By Ken Reed

I think a lot of reporters and consumer advocates are jumping the gun on this week’s FCC proposal to end blackout restrictions on pro sporting events. I don’t think the FCC action does anything for the fans yet — and it may never do anything for them. The reality is that even if this week’s FCC proposal becomes a final decision, the NFL and their network partners can still put blackout clauses in their TV deals.

Basically, my feeling on the sports blackout issue is that given all the tax advantages the NFL gets as a 501(c)(6) nonprofit, along with all the taxpayer-funding NFL owners receive to build their sports palaces, and the NFL’s government-sanctioned monopoly status, fans need to be treated more justly in a lot of ways, but particularly when it comes to television blackouts. NFL games should not be blacked out. Period.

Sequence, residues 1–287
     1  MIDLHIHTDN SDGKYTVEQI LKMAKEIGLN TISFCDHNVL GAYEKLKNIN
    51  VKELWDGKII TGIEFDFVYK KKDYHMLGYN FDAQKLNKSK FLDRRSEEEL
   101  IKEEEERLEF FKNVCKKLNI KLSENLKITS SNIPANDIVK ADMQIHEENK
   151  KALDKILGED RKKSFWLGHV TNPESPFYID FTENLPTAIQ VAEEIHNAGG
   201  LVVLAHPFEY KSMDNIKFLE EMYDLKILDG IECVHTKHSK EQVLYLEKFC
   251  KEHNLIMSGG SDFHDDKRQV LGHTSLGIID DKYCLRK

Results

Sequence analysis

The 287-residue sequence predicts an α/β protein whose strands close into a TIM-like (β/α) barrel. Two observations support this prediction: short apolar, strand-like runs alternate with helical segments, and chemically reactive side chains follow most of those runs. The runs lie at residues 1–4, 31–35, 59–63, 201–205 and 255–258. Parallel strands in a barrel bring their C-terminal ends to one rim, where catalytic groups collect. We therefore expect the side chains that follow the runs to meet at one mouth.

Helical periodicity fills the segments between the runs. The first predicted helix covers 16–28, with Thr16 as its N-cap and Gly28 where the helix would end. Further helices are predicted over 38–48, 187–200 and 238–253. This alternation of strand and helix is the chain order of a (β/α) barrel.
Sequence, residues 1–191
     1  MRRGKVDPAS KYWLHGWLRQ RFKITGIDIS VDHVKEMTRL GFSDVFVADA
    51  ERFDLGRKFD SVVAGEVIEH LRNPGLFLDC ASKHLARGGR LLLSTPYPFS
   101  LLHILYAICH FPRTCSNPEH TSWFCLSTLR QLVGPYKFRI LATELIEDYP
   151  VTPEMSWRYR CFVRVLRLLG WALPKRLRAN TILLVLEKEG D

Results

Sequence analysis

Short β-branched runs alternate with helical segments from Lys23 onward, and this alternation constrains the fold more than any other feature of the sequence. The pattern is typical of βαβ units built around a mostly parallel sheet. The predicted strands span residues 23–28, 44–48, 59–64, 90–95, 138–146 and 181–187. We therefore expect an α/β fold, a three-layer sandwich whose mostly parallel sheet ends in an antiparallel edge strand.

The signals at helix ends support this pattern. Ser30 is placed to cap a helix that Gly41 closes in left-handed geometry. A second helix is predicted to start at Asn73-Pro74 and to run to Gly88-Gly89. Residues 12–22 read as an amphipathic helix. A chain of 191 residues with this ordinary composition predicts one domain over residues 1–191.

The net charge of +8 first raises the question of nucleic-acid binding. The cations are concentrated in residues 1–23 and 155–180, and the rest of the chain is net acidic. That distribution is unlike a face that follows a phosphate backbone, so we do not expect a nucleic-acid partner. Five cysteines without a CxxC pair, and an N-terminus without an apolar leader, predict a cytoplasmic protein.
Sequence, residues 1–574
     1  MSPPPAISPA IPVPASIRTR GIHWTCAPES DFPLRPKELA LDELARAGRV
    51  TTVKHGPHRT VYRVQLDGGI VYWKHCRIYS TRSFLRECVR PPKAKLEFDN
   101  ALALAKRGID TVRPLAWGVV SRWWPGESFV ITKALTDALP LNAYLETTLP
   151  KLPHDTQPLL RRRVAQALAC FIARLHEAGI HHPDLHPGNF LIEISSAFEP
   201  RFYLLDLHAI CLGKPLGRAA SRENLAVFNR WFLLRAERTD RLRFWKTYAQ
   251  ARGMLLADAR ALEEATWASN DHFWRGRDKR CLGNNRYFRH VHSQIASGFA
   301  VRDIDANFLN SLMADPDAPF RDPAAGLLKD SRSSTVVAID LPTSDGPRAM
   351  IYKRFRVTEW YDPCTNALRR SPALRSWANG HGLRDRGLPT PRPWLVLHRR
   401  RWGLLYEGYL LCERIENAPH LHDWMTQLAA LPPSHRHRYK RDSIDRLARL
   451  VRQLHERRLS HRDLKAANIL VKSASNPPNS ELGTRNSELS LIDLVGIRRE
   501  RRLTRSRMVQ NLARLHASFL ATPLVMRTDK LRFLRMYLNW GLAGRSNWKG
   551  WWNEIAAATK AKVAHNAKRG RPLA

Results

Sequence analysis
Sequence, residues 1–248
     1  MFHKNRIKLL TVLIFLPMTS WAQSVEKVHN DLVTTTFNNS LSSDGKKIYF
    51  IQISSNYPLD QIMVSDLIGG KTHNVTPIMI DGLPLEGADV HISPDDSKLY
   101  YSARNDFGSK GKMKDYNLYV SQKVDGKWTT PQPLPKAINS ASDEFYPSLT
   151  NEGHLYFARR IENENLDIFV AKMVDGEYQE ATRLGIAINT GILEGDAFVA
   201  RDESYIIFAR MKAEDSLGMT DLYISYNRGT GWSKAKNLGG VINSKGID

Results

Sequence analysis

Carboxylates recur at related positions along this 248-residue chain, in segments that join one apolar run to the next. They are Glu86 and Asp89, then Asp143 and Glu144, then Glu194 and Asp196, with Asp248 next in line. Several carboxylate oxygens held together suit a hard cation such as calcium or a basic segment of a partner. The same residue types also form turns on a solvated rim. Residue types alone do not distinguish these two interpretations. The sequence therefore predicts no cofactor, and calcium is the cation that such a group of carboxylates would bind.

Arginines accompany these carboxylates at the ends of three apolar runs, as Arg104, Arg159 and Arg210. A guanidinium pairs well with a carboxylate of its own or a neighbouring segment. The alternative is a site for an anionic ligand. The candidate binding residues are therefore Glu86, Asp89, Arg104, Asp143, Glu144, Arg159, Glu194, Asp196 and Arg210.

However, this week’s FCC proposal specifically states that networks and sports leagues would retain the right to privately negotiate blackout restrictions. This is likely what the NFL and its partner networks will do. In effect, for sports fans, nothing would change.

This needs to be cleaned up. All loopholes allowing leagues, networks and league franchises to continue a blackout policy of any type should be removed in any new FCC rule. If not, the favorable treatment the government gives the NFL should end.

The only possible light at the end of the tunnel here is that instead of fans blaming some FCC rule for sports blackouts, they could blame the local NFL franchise, the league, and the networks for conspiring to put a blackout clause in their television contracts. By shaming the NFL and its franchises, the league could take a pretty big PR hit. Whether that hit is big enough to stop them from negotiating their own blackout rules in television contracts I don’t know.

But I doubt it.

Ken Reed, Sports Policy Director, League of Fans


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